It’s nearly impossible to ignore Chef Gerry “G” Garvin’s charm in the kitchen. His personality, like many of his dishes, is bold and full of flavor. The Atlanta native discovered his passion for cooking as a child in the kitchen with his mother. It was also through hardship with his mother that he learned the importance of giving back. As a domestic violence survivor, Garvin knows that community can save lives. He is an active supporter of the Jenesse Center, the oldest domestic violence intervention program in Los Angeles. Most recently, he has teamed up with Allstate Insurance for its Give it Up For Good campaign, where people all around the country are encouraged to share their stories of service.
On TV, Garvin explored restaurant gems in the third season of the James Beard-nominated Road Trip with G. Garvin on the Cooking Channel. His most recent show, Underground BBQ Challenges, takes one of his favorite ways of cooking to neighborhoods all around America. EBONY chatted with Garvin about his philanthropic efforts and the one dish he hasn’t mastered just yet.
EBONY: Your love for cooking extends far beyond the kitchen with an aim to better people’s lives through programs like One Bite and Culinary Boot Camp. Tell us why helping other people is important to you.
G. Garvin: I think that helping people is important because I feel like we all need to be loved and appreciated. Not everyone is from perfect family situations and I think those of us who have more should do more.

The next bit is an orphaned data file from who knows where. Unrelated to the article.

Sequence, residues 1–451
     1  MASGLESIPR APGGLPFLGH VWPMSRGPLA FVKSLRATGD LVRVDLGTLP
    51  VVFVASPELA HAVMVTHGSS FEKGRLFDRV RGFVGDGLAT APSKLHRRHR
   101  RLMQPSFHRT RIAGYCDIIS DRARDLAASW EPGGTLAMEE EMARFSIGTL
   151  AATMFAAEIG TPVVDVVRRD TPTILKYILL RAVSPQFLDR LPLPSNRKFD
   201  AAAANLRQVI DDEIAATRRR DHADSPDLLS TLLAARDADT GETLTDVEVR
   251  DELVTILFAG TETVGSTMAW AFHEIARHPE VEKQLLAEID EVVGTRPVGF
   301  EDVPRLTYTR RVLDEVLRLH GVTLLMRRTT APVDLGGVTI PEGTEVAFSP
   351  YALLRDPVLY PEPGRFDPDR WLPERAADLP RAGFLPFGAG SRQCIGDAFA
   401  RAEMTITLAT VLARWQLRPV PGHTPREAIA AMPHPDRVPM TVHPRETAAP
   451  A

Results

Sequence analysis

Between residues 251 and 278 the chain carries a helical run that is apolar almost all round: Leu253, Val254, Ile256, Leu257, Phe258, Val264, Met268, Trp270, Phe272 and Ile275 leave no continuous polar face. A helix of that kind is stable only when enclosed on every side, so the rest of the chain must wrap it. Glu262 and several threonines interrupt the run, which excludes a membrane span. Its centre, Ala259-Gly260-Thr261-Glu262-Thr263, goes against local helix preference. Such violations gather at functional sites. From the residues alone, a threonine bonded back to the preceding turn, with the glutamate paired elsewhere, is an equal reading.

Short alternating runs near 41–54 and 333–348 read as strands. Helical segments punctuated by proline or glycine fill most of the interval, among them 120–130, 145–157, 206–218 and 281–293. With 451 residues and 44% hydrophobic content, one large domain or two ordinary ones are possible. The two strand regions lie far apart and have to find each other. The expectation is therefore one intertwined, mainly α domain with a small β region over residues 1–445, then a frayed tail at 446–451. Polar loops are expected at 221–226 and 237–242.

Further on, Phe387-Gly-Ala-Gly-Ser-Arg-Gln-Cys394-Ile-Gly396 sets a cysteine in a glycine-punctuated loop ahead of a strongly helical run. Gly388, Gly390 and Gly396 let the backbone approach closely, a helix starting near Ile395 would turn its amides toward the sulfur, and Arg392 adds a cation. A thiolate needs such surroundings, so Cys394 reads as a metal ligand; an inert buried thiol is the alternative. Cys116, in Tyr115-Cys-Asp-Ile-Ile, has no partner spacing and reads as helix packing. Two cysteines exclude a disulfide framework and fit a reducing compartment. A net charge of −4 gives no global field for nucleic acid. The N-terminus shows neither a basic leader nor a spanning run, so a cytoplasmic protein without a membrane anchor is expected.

EBONY: What is one of the most memorable experiences you’ve had with a child in one of your programs?
GG: Watching a really, really tough kid allow himself to become just a kid and experience what we we’re trying to teach them. On what we call ceremony day, we present the kids with certificates. There was a really tough kid who cried when he received his certificate and whose life we changed in 7 days.
EBONY: What can people look forward to on your new show Underground BBQ Challenges?
GG: On the show, there is an ingredient that I give to contestants and they have to create a menu with that ingredient, then there is a wildcard ingredient halfway through the competition that they have to incorporate as well. It’s a battle of neighborhood vs. neighborhood with a $10,000 prize, which is pretty cool.
EBONY: What are some of your favorite things to grill? Do you have any rituals when you cook?
GG: I grill a lot of boneless, skinless chicken thighs, which works well for my workouts. I also grill of shrimp and proteins. I like to keep my grill really nice and clean, so I’ll use a kitchen cloth with some canola oil and roll it up to clean it. I try to use brushes as well to keep things from sticking to it. A lot of people start throwing things on the grill and chicken starts tasting like ribs and ribs start tasting like chicken, so I think it’s really important to have a clean grill.
EBONY: In what ways does cooking allow you to express yourself where words cannot? Why is it so powerful to you?
GG: I think that most great moments at one time or another will surround food and when you love food the way that I do it is extension of the who you are. To share that quality time over a meal is very, very special. Oftentimes, I don’t think you need to say you love someone when you spend time and effort to enjoy and prepare a meal for them.
EBONY: Are there any meals you’ve created in the past that you look back at now and say, “What was I thinking?”
GG: Red velvet cake has always been a challenge for me. I once made it for Tom Joyner and he wanted to make it for himself, so I had to test it over and over. Red velvet cake is just not my friend.